The long-wave, reduced-gravity, shallow-water equations (the semi-geostrophic equations) are used to study the outflow of a river into the ocean. While previous models have studied dynamics driven by gradients in density, the focus here is on the effects of potential vorticity anomaly (PVa). The river water is taken to have the same density as a finite-depth upper layer of oceanic fluid, but the two fluids have different, uniform, potential vorticities. Under these assumptions, the governing equations reduce to two first-order, nonlinear partial differential equations which are integrated numerically for a prescribed efflux of river water and PVa. Results are found to depend strongly on the sign of the PVa, with all fluid turning downstream (in the direction of Kelvin-wave propagation) when the river water has positive PVa and anticyclonic flow upstream of the river mouth when the PVa is negative. In all cases, a nonlinear Kelvin wave propagates at finite speed ahead of the river water. Away from the river mouth, the uniformity of one set of Riemann invariants allows for similarity solutions that describe the shape of the outflow, as well as a theory that predicts properties of the Kelvin wave. A range of behaviours is observed, including flows that develop shocks and flows that continue to expand offshore. The qualitative behaviour of the outflow is strongly correlated with the value of a single dimensionless parameter that expresses the ratio of the speed of the flow driven by the Kelvin wave to that driven by image vorticity.
Molecular characterization of pediatric low-grade glioma (pLGG) over the last decade has identified recurrent alterations, most commonly involving BRAF, and less frequently other pathways including MYB and MYBL1. Many of these molecular markers have been exploited clinically to aid in diagnosis and treatment decisions. However, their frequency and prognostic significance remain unknown. Further, a significant portion of cases do not have any of these alterations and what underlies these cases remains unknown. To address this we compiled a cohort of 562 patients diagnosed at SickKids from 1990-2017. We identified molecular alterations in 454 cases (81% of the cohort). The most frequent events were those involving BRAF; either as fusions (most commonly with KIAA1549 (30%)) or V600E mutations (17%) and NF-1 (22%). Less frequently, we identified recurrent FGFR1 fusions and mutations (3%), MYB/MYBL alterations (2%), H3F3AK27M (2%) or IDH1R132H (0.5%) mutations, as well as other novel rare events. Survival analysis revealed significantly better progression-free survival (PFS) and overall survival (OS) of KIAA1549-BRAF fused patients compared to BRAFV600E with 10-year OS 97.7% (95%, CI 95.5-100) and 83.9% (95%, CI 72.5-95.6), respectively. In addition to survival, molecular alterations predicted differences in response to conventional therapeutics; BRAF fused patients showed a 46% response-rate, versus only 14% in V600E patients. pLGGs harboring H3F3AK27M progressed early with median PFS of 11 months. In patients with MYB/MYBL1, FGFR1/FGFR2 alterations, we observed only one death (FGFR1N546K case). The work here represents the largest cohort of pLGGs with molecular profiling and their impact on the clinical behaviour of the disease.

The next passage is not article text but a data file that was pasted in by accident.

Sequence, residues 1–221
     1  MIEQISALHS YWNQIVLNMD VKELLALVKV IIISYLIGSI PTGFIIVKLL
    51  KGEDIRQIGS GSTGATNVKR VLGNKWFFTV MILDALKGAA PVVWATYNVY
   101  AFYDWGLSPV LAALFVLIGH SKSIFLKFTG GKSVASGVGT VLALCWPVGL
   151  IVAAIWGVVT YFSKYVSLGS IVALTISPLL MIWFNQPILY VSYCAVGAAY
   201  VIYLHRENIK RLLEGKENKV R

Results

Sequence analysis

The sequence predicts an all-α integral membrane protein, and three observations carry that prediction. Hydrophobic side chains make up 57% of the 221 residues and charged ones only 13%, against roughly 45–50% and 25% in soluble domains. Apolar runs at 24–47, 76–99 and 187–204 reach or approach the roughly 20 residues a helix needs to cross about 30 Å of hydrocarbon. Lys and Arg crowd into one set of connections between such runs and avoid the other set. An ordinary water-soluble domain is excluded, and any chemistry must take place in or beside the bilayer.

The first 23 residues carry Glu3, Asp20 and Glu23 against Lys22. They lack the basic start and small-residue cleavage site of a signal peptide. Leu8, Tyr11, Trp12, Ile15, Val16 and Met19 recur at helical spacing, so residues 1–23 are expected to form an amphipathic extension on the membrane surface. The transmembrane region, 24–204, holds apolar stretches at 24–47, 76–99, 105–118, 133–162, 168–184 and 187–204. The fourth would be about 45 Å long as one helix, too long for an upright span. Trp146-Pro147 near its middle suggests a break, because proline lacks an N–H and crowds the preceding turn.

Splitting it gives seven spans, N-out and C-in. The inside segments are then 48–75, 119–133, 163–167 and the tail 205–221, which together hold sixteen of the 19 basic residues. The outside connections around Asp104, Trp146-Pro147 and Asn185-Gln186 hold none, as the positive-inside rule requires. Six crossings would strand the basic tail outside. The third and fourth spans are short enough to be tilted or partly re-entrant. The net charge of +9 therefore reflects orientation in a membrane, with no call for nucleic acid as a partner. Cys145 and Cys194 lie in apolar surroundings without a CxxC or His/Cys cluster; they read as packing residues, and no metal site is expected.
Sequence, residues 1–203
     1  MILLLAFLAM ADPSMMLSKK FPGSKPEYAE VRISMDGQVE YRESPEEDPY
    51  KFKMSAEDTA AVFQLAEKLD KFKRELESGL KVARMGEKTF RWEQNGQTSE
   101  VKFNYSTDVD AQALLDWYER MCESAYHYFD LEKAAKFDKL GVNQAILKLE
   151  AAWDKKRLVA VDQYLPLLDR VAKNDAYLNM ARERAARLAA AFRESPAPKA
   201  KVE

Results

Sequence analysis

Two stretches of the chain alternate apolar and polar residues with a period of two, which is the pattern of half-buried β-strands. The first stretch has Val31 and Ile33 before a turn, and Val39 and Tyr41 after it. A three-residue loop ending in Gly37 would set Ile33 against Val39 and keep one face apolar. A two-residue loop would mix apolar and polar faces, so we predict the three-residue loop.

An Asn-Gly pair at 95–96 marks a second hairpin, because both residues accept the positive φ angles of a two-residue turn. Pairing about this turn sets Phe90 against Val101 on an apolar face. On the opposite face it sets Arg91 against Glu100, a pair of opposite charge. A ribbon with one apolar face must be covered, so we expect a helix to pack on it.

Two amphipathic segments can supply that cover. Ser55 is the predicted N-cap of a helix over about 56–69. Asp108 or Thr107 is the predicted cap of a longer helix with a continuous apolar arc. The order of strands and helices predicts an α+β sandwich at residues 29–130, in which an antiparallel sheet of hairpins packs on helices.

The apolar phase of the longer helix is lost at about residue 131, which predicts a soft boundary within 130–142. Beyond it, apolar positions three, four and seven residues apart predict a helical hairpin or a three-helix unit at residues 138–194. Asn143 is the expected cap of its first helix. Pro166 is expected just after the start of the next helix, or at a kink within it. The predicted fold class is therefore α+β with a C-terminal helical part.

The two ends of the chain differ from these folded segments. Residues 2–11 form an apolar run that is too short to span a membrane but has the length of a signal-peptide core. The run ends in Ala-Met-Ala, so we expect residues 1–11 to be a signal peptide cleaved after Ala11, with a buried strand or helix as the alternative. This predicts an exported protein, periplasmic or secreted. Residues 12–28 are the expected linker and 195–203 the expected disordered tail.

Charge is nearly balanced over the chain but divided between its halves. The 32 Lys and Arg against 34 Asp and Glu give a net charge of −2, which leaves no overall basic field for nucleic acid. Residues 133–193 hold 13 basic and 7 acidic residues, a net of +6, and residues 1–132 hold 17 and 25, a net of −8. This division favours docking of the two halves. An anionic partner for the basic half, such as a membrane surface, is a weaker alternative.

Despite improvements in the medical and surgical management of infants with CHD, growth failure before surgery in many infants continues to be a significant concern. A nutritional pathway was developed, the aim of which was to provide a structured approach to nutritional care for infants with CHD awaiting surgery.
Materials and methods
The modified Delphi process was development of a nutritional pathway; initial stakeholder meeting to finalise draft guidelines and develop questions; round 1 anonymous online survey; round 2 online survey; regional cardiac conference and pathway revision; and final expert meeting and pathway finalisation.
Paediatric Dietitians from all 11 of the paediatric cardiology surgical centres in the United Kingdom contributed to the guideline development. In all, 33% of participants had 9 or more years of experience working with infants with CHD. By the end of rounds 1 and 2, 76 and 96% of participants, respectively, were in agreement with the statements. Three statements where consensus was not achieved by the end of round 2 were discussed and agreed at the final expert group meeting.
Nutrition guidelines were developed for infants with CHD awaiting surgery, using a modified Delphi process, incorporating the best available evidence and expert opinion with regard to nutritional support in this group.
We present our models of the effect of binaries on high-resolution spectroscopic surveys. We want to determine how many binary stars will be observed, whether unresolved binaries will contaminate measurements of chemical abundances, and how we can use spectroscopic surveys to better constrain the population of binary stars in the Galaxy. Using a rapid binary-evolution algorithm that enables modelling of the most complex binary systems we generate a series of large binary populations in the Galactic disc and evaluate the results. As a first application we use our model to study the binary fraction in APOGEE giants. We find tentative evidence for a change in binary fraction with metallicity.